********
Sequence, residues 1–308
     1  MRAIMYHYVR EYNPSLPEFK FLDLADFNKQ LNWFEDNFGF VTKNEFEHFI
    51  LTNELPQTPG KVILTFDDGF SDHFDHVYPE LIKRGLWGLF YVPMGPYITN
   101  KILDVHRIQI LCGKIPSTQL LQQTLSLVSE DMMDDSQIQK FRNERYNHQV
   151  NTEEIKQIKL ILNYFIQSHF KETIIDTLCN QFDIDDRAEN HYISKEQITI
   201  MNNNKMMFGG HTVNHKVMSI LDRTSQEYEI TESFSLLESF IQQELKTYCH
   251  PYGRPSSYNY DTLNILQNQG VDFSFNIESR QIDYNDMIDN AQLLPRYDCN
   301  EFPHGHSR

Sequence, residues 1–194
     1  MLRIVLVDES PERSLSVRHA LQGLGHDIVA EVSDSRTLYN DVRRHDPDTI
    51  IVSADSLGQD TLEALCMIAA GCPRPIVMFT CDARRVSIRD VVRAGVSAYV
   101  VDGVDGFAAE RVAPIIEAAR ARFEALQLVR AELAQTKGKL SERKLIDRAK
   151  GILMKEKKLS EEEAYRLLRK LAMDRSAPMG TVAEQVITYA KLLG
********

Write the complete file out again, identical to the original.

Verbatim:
Sequence, residues 1–308
     1  MRAIMYHYVR EYNPSLPEFK FLDLADFNKQ LNWFEDNFGF VTKNEFEHFI
    51  LTNELPQTPG KVILTFDDGF SDHFDHVYPE LIKRGLWGLF YVPMGPYITN
   101  KILDVHRIQI LCGKIPSTQL LQQTLSLVSE DMMDDSQIQK FRNERYNHQV
   151  NTEEIKQIKL ILNYFIQSHF KETIIDTLCN QFDIDDRAEN HYISKEQITI
   201  MNNNKMMFGG HTVNHKVMSI LDRTSQEYEI TESFSLLESF IQQELKTYCH
   251  PYGRPSSYNY DTLNILQNQG VDFSFNIESR QIDYNDMIDN AQLLPRYDCN
   301  EFPHGHSR

Sequence, residues 1–194
     1  MLRIVLVDES PERSLSVRHA LQGLGHDIVA EVSDSRTLYN DVRRHDPDTI
    51  IVSADSLGQD TLEALCMIAA GCPRPIVMFT CDARRVSIRD VVRAGVSAYV
   101  VDGVDGFAAE RVAPIIEAAR ARFEALQLVR AELAQTKGKL SERKLIDRAK
   151  GILMKEKKLS EEEAYRLLRK LAMDRSAPMG TVAEQVITYA KLLG